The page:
Chuck decided he had to kill Goose. He left the party to retrieve his firearms of choice… a shotgun and a .44 pistol. Rusty backed him I heard but wasn’t actively involved. Since Chuck announced his intentions, the partygoers who were not too inebriated relocated Goose behind a 50-gallon drum two doors away, behind the store.
When Chuck returned, several people tried to talk him down. He would have none of it and threatened several with his pistol. He walked them backwards toward the store, believing Goose was in the store with Coolidge. He marched up the stairs onto the deck in front of the store’s main doors. There he encountered Coolidge, who tried to face him and calm him.
As Coolidge had the attention of Chuck, Goose emerged from the corner of the store, came up behind Chuck, and conked him over the head with a beer bottle.
Chuck went down, but in so doing, involuntarily pulled the trigger of his .357. A bullet emerged and passed directly through Coolidge’s colon. Coolidge went down. Someone jumped on Chuck, who promptly bit off the end of his little finger. Someone else picked up the shotgun Chuck had dropped and broke it over his head.
Chuck was subdued and Coolidge injured. A call was made to the nearest lawman.. a State Trooper in Seward. It took the trooper three hours to arrive at the store, at which time he was able to call for a helicopter to be dispatched from Anchorage to pick up Coolidge.
The outcomes of this incident were that Coolidge, with no vital organs or arteries involved, ended up with a colostomy. He left town with his wife. Chuck got off lightly since the shot was involuntary, and he still lives in Hope today. The bullet was located two years after the incident, lodged inside the leg of the wood stove in the center of the store. A visit in 2014 was interesting when I asked a resident of that time what she knew of this story. She knew Chuck and had heard a rumor that he had once killed a man in town.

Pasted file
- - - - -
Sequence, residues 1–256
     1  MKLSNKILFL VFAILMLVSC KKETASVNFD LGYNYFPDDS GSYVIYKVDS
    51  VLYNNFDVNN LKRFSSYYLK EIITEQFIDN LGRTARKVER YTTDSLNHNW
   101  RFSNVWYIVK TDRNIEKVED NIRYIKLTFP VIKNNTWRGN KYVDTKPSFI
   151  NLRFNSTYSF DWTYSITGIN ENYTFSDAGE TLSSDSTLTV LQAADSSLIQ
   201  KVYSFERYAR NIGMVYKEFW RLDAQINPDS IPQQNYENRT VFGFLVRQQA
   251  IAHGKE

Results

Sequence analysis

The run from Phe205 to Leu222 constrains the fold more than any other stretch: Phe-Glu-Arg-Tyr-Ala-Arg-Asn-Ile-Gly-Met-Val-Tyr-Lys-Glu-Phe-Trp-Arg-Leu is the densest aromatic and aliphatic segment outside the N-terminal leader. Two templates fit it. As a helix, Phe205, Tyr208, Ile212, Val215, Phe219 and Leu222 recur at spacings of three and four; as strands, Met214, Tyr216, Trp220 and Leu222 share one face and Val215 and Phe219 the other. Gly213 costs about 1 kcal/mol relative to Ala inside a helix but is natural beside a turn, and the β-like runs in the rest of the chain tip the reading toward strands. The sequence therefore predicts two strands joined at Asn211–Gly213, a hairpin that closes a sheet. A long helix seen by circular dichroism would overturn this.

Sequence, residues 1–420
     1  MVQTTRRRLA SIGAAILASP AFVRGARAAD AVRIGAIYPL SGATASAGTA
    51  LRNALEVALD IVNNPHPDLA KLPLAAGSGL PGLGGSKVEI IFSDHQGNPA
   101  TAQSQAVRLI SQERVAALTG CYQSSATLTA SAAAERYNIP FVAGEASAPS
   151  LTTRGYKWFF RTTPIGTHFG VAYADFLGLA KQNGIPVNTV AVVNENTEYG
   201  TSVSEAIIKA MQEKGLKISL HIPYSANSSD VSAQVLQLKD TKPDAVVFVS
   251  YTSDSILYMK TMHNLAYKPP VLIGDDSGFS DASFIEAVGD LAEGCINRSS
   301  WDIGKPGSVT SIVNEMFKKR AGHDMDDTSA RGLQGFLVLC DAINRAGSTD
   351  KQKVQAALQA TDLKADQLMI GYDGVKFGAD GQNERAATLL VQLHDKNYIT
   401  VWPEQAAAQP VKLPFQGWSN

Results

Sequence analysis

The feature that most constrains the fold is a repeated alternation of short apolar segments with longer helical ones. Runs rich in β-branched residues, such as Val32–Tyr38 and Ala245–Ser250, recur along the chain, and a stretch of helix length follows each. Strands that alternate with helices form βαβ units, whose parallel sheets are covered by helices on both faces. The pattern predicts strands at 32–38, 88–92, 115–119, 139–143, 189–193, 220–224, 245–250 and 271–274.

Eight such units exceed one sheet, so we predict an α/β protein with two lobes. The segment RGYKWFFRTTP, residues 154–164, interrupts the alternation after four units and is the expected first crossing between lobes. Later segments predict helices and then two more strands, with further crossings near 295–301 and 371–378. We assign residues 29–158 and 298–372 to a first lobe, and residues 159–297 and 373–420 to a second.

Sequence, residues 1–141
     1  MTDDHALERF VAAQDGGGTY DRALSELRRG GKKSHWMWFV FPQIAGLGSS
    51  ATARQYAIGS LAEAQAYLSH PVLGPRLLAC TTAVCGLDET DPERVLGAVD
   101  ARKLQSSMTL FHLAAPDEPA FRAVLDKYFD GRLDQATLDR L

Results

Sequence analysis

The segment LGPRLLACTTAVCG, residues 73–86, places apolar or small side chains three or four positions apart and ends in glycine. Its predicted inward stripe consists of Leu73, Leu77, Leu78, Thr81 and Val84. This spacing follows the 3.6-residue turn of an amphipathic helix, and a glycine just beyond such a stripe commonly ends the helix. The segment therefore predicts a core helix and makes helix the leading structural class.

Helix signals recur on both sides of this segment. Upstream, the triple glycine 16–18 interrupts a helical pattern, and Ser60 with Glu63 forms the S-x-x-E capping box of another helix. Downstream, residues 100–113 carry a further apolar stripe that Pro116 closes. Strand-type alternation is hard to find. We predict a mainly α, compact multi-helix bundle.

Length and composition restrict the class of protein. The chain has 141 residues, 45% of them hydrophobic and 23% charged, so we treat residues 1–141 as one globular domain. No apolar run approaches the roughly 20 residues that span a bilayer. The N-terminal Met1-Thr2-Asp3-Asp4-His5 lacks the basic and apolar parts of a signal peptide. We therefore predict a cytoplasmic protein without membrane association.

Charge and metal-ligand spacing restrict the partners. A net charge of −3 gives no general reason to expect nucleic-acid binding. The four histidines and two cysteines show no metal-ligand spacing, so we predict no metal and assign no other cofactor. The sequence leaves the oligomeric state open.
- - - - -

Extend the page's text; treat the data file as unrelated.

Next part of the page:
Wilderness? Wildness? Alaska can be dangerous as well as offering awe-inspiring beauty.
The second event is not as graphic, but still of interest. In the summer of 1978, a few enterprising town residents decided to hold a “bluegrass festival” in town. They advertised this as a weekend event throughout Anchorage and surroundings.
Several hundred people came, which of course swelled the town population by at least double if not more. Wagons were set up for music groups to play and a very large firepit was established on which a large grate was placed. There, over the two weekend days of the festival, large chunks of prime beef were slow cooked to provide large slices of barbecued beef to paying participants.
A row of porta-potties was set up to accommodate the crowd. Given the amount of alcohol being sold and consumed, this was a most necessary addition.
Sometime late Saturday night, after many festive rounds of music, beef, and beer, a local resident who preferred the quiet of the wilderness, took issue with the Festival sponsors. He left in a huff to return to his mining operation just south of town.
By the morning, he had walked his small bulldozer into town to take revenge upon the promoters. Still inebriated, he was able to mow down the whole row of port-potties before other locals were able to jump on him and remove him from his weapon of choice.
Fortunately no one was using the facilities at the time.
And we had left the party early Saturday after partaking of a fine slice of beef and some foot-stomping bluegrass music.
The third event was not as exciting as these two, but definitely memorable.
This happened on a summer day when all the cabin dwellers were hearing rumors that the Kenai Native Land Corporation was going to “select” our Forest Service land as part of the Alaskan Native Land Claims Settlement. We knew that the US Government wanted to divest itself of this land and program. So, what would happen to our leases?
A State Senator from Juneau was dispatched to Hope to meet with us and discuss possible divestiture of this land. While the Native corporation could select it. It was also possible that the State of Alaska might end up with the property.
The Senator brought along a young female recorder. Both were dressed appropriately for a Congressional hearing. Their audience, however, were in jeans and wool shirts, male and female alike. The politician was out of place and looked at askance. Young children raced around the Hope Social Hall as a large dog fight took place outside the entrance.
As hard as the politician tried to explain what MIGHT happen, he had no real answers. The crowd grew raucous and shouted he and his young female recorder out of the building, into his rental Cadillac, and back to Juneau.
Later, the State did take possession of the property, and the Native corporation board did not choose the properties. The State then offered the one acre lots to the lease holders for $850 each and agreed to use monies from a special rural electrification program to bring powerlines into the area.
So the meeting represented raw politics done Alaskan style. And the outcome brought unmanaged “civilization” to the wilderness.